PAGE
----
Anacacia closes two Australia deals

Jeremy Samuel’s firm is quickly investing its latest vehicle following two successful exits in 2013.

Anacacia Capital has ended an active year with two new deals from its latest private equity fund.

The firm has acquired a majority stake in Careers Training Group, an Australian vocational education company created by the Selmar Institute of Education and Managed Corporate Outcomes, according to a company statement.

The firm did not disclose the financial details of the transaction, but usually invests in small-to-medium-sized private companies with revenue of between A$20 million (€13 million; $18 million) and A$150 million, with earnings of between A$3 million and A$15 million.

At the same time, Anacacia has supported the acquisition of the Oxford Group by K Care Healthcare Equipment, which will also be funded by the firm’s second private equity vehicle.

Earlier this year, Anacacia Fund II was oversubscribed and closed at A$150 million, according to the firm.

“The investments follow several months of exclusive due diligence and negotiations. We’re delighted with how the Fund II portfolio is developing,” Jeremy Samuel, managing director of Anacacia, said in a statement.

Samuel told Private Equity International that while he couldn’t disclose the deal value, “Market demand for mid-market deals is high so we are being very selective.”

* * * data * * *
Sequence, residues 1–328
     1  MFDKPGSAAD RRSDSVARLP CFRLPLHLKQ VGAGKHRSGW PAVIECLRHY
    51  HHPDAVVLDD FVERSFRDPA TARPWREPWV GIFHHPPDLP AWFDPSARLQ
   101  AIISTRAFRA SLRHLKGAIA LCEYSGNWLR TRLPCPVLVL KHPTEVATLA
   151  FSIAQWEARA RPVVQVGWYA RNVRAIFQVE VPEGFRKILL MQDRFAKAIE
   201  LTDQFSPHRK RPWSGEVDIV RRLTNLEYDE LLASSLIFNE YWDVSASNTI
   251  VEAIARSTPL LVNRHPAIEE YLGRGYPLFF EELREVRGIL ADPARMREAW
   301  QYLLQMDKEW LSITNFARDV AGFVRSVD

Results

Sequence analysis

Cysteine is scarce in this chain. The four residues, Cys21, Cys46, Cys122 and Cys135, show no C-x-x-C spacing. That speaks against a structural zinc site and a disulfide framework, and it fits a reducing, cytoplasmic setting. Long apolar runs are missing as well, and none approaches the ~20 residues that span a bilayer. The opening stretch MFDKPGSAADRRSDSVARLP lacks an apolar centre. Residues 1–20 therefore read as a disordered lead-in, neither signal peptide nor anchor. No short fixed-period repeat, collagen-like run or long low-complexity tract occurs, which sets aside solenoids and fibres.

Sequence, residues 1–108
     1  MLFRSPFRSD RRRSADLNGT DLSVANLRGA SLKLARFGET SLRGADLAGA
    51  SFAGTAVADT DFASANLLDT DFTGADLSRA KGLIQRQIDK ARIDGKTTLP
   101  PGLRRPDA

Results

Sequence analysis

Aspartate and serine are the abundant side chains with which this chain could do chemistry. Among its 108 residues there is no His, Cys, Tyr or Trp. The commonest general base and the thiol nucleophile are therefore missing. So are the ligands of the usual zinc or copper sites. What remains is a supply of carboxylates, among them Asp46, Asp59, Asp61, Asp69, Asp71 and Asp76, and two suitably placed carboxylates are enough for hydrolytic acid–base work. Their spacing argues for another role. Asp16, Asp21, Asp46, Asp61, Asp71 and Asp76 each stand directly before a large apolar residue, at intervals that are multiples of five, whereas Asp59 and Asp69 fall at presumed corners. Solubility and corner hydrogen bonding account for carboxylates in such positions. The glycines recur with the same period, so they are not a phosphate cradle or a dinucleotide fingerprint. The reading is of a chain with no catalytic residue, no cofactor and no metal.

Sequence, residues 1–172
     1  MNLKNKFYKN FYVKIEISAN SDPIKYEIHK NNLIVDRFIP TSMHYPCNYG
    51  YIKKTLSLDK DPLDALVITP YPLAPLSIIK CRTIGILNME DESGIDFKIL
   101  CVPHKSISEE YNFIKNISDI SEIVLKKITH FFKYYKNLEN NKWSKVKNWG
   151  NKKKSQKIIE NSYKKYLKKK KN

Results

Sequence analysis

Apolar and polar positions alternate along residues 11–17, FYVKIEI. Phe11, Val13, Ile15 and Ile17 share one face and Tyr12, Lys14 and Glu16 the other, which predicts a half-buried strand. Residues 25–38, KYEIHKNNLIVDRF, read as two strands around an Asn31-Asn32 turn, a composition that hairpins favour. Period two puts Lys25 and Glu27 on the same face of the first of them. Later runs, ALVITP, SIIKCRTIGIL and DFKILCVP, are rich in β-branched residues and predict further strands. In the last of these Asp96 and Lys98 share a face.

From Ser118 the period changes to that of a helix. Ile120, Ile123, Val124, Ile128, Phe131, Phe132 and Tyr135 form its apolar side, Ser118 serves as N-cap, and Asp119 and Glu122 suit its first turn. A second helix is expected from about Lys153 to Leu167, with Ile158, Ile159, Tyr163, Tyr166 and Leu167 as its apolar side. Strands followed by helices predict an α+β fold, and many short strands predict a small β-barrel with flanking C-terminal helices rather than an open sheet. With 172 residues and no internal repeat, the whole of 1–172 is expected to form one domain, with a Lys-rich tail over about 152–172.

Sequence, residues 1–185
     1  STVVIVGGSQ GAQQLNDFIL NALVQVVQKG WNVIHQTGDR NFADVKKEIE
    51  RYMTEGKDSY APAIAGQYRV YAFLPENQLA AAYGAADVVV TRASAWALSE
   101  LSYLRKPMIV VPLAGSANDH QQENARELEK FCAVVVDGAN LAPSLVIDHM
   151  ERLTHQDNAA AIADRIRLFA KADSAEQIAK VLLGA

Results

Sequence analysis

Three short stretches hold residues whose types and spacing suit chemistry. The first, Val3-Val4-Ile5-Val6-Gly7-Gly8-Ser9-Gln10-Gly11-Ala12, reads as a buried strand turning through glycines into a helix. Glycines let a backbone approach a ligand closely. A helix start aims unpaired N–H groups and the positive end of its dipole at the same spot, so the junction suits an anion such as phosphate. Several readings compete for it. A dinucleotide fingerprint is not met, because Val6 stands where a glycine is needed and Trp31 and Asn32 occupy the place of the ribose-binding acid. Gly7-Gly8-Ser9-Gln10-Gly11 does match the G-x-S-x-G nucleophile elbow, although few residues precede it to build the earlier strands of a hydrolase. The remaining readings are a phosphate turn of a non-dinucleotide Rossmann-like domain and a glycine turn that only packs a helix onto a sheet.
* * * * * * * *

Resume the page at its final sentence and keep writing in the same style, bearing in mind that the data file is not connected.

However, not all GPs agree. Andrew Petering, managing director of Wolseley Private Equity, another Australian mid-market firm, said in his private equity forecast for 2014, “This segment of the market is becoming increasingly attractive as there is less competition for deals, better pricing, greater growth prospects and higher returns.”

He adds that Wolseley, which is currently raising its third fund targeting A$300 million, sees strong investment potential in the education, healthcare, IT and financial services sectors.

“2014 will be a good year for raising and investing funds focused on the lower mid-market in Australia,” he explained, confident that LPs will see the opportunity.

“Business structures and customs make India a difficult investment destination, while in China, although it is easy to deploy capital, it has proved very difficult to extract. This is propelling investors towards developed Asia markets such as Australia, Singapore and Korea, where the Asian growth story can be accessed without direct investment into China and India.”

Australia has had a good year for exits, with IPOs by private equity-backed companies reaching a five-year high, according to data from the Australian Private Equity and Venture Capital Association and EY.

Anacacia has also had two exits this year, including the July sale of Rafferty’s Garden to soap maker PZ Cussons in a £42.2 million (€49.3 million; $64 million) deal. In March, the firm also sold its majority stake in Australia-based Home Appliances for A$22 million to McPherson’s, a listed Australian housewares marketer, PEI reported earlier.